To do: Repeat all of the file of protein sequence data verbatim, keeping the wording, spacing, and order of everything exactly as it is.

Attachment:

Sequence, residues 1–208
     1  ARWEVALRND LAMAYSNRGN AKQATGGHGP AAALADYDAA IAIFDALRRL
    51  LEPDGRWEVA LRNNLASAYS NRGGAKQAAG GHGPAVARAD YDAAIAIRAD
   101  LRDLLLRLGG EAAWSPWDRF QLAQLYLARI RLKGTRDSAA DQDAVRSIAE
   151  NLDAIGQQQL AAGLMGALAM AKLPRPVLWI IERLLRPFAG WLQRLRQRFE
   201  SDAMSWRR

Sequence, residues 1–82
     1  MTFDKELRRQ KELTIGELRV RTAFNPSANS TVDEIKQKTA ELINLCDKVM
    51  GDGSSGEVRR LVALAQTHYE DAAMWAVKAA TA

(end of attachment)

Sequence, residues 1–208
     1  ARWEVALRND LAMAYSNRGN AKQATGGHGP AAALADYDAA IAIFDALRRL
    51  LEPDGRWEVA LRNNLASAYS NRGGAKQAAG GHGPAVARAD YDAAIAIRAD
   101  LRDLLLRLGG EAAWSPWDRF QLAQLYLARI RLKGTRDSAA DQDAVRSIAE
   151  NLDAIGQQQL AAGLMGALAM AKLPRPVLWI IERLLRPFAG WLQRLRQRFE
   201  SDAMSWRR

Sequence, residues 1–82
     1  MTFDKELRRQ KELTIGELRV RTAFNPSANS TVDEIKQKTA ELINLCDKVM
    51  GDGSSGEVRR LVALAQTHYE DAAMWAVKAA TA